At the end of September, J and I went to Context, and while there, we attended a workshop with Diana Botsford about plotting.  One of the many useful handouts she gave us was the Gap Chart.  It helps a writer plan what might happen to a character in a given scene and how what does occur moves the plot.  J and I frequently boil it down to just two questions: What does the character expect? and What actually happens?  As we learned at the workshop, the gap between expectation and reality is where the drama lives and where the plot can be propelled forward.

As I mentioned above, the POV character had thought about most of these suspects before the Chapter of Greatest Boredom, but she had not actually met all of them.  If there was ever a time for a scene to not live up to your character’s expectations, this seemed to be it.  So J and I went through each and every suspect, figuring out what the POV character expected and how reality subverted that expectation.  Yesterday, I wrote the chapter, and wouldn’t you know it, it’s not boring at all, even if I am the one saying it.

You often hear talk about subverting audience expectations, but that discussion usually revolves around freshening up an old trope or turning a stereotype on its head.  But subverting the expectations of your characters, I’ve found, can be its own subtle tool.  And it’s one I’m going to keep close at hand.


Mapmaker, mapmaker, make me a map

I’ve finished my first revision of my first NaNo novel, Last Outpost, and now I’m starting the prewriting for the second one, From Under the Shadow.  And you know what that means: it’s time to make some maps.

One of the very first things that S and I did when we first started planning the Quartet was to sit down and draw a map of the main kingdom in our fantasy world.  I hand-drew it in pencil, and then later we scanned it in and cleaned it up a bit on the computer.  To be honest, the borders and at least some of the geography are loosely based on a certain real-world country that shall remain nameless–a technique that has a proud history, apparently.

This sounds like cheating, and I suppose it is, but it helps beginning fantasy writers avoid serious geographical errors, like having rivers split or flow uphill.  Just as with many other aspects of fantasy writing, if you copy real world geography, you know that if anyone complains that it’s unrealistic, you already have an example to prove that it’s plausible.

Most of our earliest computer map work was done in MS Paint–a truly grueling process.  Then a friend online introduced us to GIMP.

It’s not exactly user-friendly, but it can do all sorts of things (once you figure out what menu or sub-menu to find them under), and there are lots of tutorials online.

If you’re very ambitious, or you just need some help with your basic geographical concepts, you really should check out the Cartographers’ Guild.  There are lots of really talented and creative people posting their work there, and just poking around the forums is a great way to pick up tips on how to make better maps.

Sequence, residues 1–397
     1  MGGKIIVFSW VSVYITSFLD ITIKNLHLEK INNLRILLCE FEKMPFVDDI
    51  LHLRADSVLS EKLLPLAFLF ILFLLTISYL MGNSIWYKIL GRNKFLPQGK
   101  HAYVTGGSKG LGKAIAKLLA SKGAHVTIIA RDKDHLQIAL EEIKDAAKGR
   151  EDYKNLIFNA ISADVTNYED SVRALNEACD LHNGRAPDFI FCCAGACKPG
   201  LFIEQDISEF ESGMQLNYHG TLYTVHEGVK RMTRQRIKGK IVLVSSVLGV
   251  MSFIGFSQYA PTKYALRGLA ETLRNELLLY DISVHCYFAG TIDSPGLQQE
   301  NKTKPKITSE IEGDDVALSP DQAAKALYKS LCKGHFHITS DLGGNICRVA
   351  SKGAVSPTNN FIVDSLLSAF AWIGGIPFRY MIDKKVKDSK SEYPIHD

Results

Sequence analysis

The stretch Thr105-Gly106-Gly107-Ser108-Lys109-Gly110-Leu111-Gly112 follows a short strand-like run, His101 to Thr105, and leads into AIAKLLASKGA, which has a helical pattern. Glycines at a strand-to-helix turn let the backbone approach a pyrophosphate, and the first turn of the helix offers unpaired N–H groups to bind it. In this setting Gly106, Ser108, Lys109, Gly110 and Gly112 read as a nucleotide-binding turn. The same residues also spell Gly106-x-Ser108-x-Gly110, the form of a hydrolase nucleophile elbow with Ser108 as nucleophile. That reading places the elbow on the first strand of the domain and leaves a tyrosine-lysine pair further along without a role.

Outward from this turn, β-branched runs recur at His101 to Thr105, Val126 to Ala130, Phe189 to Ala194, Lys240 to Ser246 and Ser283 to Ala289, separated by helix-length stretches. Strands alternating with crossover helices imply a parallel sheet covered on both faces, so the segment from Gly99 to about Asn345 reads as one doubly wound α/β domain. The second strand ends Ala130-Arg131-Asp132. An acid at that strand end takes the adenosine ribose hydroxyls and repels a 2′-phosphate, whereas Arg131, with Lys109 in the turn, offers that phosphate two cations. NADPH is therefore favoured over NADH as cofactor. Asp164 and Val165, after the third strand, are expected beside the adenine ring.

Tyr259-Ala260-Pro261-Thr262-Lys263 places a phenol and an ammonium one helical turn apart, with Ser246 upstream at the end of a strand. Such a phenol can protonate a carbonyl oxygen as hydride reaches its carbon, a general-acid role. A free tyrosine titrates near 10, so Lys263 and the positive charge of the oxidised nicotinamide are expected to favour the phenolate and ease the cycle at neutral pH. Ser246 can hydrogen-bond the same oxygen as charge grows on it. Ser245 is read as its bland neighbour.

I should also mention that I really like the Donjon Fantasy Demographics Calculator.  It can help you with things like how many cities and towns a country could realistically have, and how many people would live in those places.  This is only indirectly related to making a map, of course, but it’s something to think about when you’re deciding where to put all the cities and how to connect them with roads, rivers, and canals.

Once you’ve got the basic outlines of your world, of course, you face the daunting task of naming all those blasted places.  If you do NaNoWriMo (as everyone should), I recommend the Appellation Station threads in the forums there.

There are lots of great place name generators there (and some for people’s names, too).  Some of the ones I’ve actually used in the past are the “Mithril and Mages Natural Terrain Feature Name Generator,” “Muddle’s Wilderness Place Name Generator,” and the “Pseudo-Elizabethan Place Name Generator.”  That last one tends to come up with eccentric or humorous names, more often than not (some of which are unprintable).  But hey, sometimes you need a funny place name.

Alternatively, you can try to assemble your own place names based on the naming conventions of some real-world culture.  For example, here’s a list of generic forms–prefixes and suffixes and such–in UK and Irish place names.

Google Translate is also helpful here, of course.  You can just pick a word, like “green” or “forest,” translate it into the target language that matches your fictional culture, and then add an appropriate suffix.

In any case, however you choose to do it, a map is really important in writing.  It’ll save you from having a group of your characters march a hundred and twenty miles in less than three days–something I very nearly did by accident.  And also, of course, it’s a lot of fun.


Deference to Reference

S has already posted about some of our favorite reference sites, but I thought it might be fun to talk a little about the reference materials that we have made for our own fantasy world.  It might explain a little about our process of outlining and writing, as well as how worldbuilding becomes a cumulative process.

For most of this novel, I wrote with two MS Word files open, side by side (this is pretty easy now that I’ve got my new laptop, Ellard, with a 1080p screen).  One file would be my detailed outline, telling me what I had to write, while the other one would be the novel itself.  I like to be able to look back and forth to see where I’m going and to make sure I’m not leaving out something important.